Robert Bruce Thompson
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Robert Bruce Thompson died peacefully at Israel Family Hospice House March 7, 2011. A gathering of friends will be Thursday March 10, from 5 to 8 p.m. in the Garden Room at Reiman Gardens. Memorial services will be 11 a.m. March 11, at Collegiate Presbyterian Church, Ames.
Robert Bruce Thompson was born to John George Hatch and Marion Kyle Thompson on July 18, 1941 in College Station, Texas. Bruce grew up in College Station and graduated from A&M Consolidated High School, where he played basketball, tennis, and ran track. He then attended Rice University where he graduated summa cum laude in Physics and ran the 880 on the track team. Bruce then completed his M.S. in Physics and Ph.D. degrees in Applied Physics at Stanford University, where he met his wife, Ann.
Following his Stanford graduation, Bruce worked for the Rockwell International Science Center in Thousand Oaks, California, as a member of the technical staff and Group Leader of Ultrasonic Applications. In 1980, Bruce joined the faculty at Iowa State University. During his years at Iowa State, Bruce was honored with the title Distinguished Professor in the Department of Materials Science and Engineering and in the Department of Aerospace Engineering and Engineering Mechanics and elected to the National Academy of Engineering. He was an international leader in the research and development of new ultrasonic technologies for the non-destructive evaluation (NDE) engineering discipline. His specific research interests included the development of new methods (transducers) for the generation of ultrasonic waves in solid materials, new theories and practices using ultrasonic waves for the detection of "fatal" flaws in materials - flaws that would lead to catastrophic structural failure if undetected , and the measurement of various material properties using ultrasonic methods. He was also a leader in the development of new concepts and theories that provided the statistical probabilities that "fatal" flaws could be detected reliably with a given inspection method, an extremely important capability. At Iowa State, Bruce served as the Director of the Center for Nondestructive Evaluation and Director of the Ames Laboratory Applied NDE Program, He has been awarded 24 U.S. patents and served as the Editor-in-Chief of the Journal of Nondestructive Evaluation.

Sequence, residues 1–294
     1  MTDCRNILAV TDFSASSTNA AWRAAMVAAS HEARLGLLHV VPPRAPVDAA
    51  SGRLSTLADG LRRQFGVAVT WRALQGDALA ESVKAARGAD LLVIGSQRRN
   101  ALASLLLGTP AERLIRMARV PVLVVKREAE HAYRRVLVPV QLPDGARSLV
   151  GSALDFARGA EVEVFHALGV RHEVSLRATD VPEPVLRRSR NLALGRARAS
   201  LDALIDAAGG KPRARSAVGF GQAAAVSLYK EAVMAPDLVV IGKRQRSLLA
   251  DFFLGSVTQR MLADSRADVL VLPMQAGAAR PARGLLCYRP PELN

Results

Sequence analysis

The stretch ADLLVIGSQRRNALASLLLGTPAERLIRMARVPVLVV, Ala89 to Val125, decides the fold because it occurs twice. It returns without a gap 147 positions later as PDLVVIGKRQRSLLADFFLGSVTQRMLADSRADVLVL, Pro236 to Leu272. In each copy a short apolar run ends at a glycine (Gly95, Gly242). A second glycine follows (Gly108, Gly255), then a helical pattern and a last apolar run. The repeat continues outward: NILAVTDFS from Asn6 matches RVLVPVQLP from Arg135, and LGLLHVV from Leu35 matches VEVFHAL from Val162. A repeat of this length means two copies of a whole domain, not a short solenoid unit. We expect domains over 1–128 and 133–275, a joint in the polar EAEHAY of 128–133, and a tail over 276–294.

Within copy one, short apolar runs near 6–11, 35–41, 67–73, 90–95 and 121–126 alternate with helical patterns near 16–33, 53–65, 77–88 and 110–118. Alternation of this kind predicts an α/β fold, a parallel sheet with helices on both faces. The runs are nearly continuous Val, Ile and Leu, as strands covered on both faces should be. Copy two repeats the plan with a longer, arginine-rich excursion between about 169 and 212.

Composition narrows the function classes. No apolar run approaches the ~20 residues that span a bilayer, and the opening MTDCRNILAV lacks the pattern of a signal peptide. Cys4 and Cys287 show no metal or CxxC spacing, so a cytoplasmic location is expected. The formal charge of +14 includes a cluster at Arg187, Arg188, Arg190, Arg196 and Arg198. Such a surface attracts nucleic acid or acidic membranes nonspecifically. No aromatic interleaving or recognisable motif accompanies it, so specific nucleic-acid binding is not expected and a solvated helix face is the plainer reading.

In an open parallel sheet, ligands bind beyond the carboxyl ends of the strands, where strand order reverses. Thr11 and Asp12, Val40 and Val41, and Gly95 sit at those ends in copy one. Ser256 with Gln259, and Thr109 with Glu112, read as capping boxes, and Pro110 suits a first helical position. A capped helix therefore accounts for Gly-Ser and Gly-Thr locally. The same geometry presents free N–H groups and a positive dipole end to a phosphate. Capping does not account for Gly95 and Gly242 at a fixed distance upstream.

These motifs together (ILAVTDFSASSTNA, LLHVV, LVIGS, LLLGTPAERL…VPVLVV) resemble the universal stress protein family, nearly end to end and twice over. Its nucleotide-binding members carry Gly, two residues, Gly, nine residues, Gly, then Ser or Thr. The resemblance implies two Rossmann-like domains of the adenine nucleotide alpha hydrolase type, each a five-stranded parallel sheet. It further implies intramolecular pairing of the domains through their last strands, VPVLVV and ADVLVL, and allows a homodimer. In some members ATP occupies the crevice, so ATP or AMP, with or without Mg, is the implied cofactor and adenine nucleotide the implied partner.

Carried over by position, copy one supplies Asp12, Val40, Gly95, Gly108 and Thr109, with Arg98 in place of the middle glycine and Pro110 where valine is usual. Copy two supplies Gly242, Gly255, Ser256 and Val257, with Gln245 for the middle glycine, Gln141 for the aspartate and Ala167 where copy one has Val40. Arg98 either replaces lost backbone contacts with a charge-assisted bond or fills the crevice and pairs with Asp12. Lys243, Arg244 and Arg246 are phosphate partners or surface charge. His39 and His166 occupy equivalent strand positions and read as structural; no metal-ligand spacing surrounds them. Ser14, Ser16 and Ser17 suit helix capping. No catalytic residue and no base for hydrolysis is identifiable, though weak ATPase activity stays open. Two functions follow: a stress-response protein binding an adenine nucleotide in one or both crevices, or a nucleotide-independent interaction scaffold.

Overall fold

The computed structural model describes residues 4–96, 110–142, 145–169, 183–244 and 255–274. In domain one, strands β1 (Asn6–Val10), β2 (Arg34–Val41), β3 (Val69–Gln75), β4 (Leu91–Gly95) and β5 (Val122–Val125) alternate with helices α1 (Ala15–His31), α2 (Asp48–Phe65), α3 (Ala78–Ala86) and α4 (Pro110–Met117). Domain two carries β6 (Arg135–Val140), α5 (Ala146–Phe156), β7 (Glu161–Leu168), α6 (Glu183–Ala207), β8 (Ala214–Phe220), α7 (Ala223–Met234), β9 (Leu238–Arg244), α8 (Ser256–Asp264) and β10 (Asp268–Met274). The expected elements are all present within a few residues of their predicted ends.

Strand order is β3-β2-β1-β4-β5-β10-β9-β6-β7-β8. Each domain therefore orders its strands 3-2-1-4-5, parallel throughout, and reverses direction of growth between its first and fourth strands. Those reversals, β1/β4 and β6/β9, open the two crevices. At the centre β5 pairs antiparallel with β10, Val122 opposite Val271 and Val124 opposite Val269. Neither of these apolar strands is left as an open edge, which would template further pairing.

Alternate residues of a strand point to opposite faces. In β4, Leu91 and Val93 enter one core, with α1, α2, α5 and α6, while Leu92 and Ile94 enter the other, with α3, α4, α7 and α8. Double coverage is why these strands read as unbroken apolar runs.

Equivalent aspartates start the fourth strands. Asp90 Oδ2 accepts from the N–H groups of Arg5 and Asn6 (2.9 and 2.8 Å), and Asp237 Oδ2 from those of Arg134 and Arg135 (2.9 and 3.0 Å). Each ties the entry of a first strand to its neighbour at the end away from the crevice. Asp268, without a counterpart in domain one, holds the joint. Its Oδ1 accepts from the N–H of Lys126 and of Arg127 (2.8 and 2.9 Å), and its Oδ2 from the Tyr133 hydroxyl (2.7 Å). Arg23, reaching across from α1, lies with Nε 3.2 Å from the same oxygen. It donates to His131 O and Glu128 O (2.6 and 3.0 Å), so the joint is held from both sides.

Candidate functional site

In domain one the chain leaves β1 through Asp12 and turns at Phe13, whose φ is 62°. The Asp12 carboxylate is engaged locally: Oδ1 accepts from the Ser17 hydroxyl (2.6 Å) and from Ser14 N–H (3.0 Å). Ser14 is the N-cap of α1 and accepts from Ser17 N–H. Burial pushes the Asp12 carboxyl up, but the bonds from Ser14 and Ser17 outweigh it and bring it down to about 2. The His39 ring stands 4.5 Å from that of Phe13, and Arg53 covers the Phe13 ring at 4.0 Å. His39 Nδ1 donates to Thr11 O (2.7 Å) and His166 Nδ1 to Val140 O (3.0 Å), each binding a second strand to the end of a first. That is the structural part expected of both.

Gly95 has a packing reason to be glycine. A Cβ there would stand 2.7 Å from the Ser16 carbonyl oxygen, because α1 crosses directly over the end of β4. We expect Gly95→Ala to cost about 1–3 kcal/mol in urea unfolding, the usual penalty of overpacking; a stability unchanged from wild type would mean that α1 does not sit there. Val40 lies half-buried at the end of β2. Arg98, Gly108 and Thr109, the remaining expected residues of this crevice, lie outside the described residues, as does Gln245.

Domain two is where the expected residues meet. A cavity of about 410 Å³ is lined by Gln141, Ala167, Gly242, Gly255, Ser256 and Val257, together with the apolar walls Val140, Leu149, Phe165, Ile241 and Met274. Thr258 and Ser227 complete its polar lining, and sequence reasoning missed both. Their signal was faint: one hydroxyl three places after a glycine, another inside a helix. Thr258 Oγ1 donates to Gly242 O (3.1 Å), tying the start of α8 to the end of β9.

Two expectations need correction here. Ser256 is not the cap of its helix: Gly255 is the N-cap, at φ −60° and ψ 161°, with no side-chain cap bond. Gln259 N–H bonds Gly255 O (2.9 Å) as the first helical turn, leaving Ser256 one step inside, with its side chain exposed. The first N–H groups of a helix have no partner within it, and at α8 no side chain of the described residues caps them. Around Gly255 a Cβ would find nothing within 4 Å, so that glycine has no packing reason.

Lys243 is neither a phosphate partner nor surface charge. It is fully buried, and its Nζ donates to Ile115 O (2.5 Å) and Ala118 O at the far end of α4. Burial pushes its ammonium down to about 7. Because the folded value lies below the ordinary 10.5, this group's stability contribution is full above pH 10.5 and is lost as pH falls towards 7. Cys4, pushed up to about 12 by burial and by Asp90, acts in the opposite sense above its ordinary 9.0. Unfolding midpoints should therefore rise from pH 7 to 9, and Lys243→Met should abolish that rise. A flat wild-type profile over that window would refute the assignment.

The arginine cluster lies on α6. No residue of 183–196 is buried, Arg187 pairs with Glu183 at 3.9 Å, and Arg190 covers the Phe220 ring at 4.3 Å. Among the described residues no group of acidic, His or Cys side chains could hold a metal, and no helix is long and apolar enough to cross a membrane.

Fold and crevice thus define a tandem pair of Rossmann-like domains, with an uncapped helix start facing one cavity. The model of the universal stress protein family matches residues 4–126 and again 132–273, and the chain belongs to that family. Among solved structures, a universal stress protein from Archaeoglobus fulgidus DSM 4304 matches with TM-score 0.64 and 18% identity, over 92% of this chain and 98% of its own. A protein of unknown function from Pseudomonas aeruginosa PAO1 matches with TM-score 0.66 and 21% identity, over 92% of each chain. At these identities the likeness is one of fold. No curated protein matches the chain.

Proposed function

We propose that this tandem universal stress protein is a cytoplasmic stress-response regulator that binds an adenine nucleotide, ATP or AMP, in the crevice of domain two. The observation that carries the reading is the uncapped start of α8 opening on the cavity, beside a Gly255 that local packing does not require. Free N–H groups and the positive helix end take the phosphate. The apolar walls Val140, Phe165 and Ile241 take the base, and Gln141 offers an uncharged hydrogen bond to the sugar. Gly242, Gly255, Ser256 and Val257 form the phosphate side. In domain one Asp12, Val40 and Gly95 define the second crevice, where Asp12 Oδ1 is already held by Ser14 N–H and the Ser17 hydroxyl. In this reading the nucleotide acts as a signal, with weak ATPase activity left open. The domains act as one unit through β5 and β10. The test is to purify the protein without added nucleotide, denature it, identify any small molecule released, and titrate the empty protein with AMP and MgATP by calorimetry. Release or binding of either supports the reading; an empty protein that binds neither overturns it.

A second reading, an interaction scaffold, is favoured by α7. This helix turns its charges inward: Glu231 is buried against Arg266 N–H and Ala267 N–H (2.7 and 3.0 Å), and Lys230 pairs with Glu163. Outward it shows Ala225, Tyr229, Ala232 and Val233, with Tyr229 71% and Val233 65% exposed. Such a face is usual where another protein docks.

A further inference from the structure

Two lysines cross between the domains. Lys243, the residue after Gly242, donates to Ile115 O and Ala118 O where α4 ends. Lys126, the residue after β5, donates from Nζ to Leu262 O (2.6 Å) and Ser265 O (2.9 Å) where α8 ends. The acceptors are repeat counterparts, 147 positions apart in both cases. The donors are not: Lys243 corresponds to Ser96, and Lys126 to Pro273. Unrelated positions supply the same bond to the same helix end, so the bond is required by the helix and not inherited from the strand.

In addition to his professional activity, Bruce also enjoyed coaching soccer and basketball and was active in conservation organizations. He was a member of Collegiate Presbyterian Church.
Bruce led a life characterized by commitment and passion. Whether working on a research paper or skiing down a slope, he approached life with tremendous vigor, endurance and enthusiasm. He loved his family, his work, nature, outdoor activity and new experiences. His deep commitment to science was a significant part of his life as was the relationship with his colleagues and the over 30 students for whom he served as major professor. Bruce was never happier than when working through a detailed technical problem that ignited the imagination of others as well as his own creativity.
His five grandsons will miss skiing, hiking and playing with Bruce, but they will cherish wonderful memories of time with "Papa Bruce".
Bruce is survived by his wife Ann; daughter Amy Standridge and her husband Randy of San Antonio, Texas and son Robert Kirk Thompson and his wife Leigh of Midland Michigan and his five grandsons: Robert Kyle, Kolben Hatch and Alexander Kerr Thompson and Erik Mathew and Andrew James Standridge. He is also survived by his sister Nancy Bliss and her husband John of Los Alamos, New Mexico and his brother-in-law Bill Dunkle and his wife Carol of Alamo, California. Nieces and nephews Stephen (Erin) Dunkle, Peter Dunkle, Robert Bliss, Katie (Hayden) Belobrajdic, Megan (Grant) Fox and Sarah Bliss and two great-nephews also survive. He is also survived by cherished friends and colleagues. Bruce was preceded in death by his parents George and Marion Thompson and parents-in-law, Bill and Virginia Dunkle.
Bruce's family is deeply grateful for the incredible care and caring provided by Drs. Otteman and Carlyle, nurses and staff on the Fifth Floor Oncology Unit at Mary Greeley Hospital and the Israel Hospice House during his battle with cancer.
In lieu of flowers, the family suggests that memorials may be donated to the R. Bruce Thompson Memorial Scholarship Fund, Iowa State University Foundation, 2505 University Boulevard, Ames, Iowa, USA 50010.
Online condolences may be left at www.adamssoderstrum.com. Adams Funeral Home is assisting the family.
Published in Des Moines Register on Mar. 9, 2011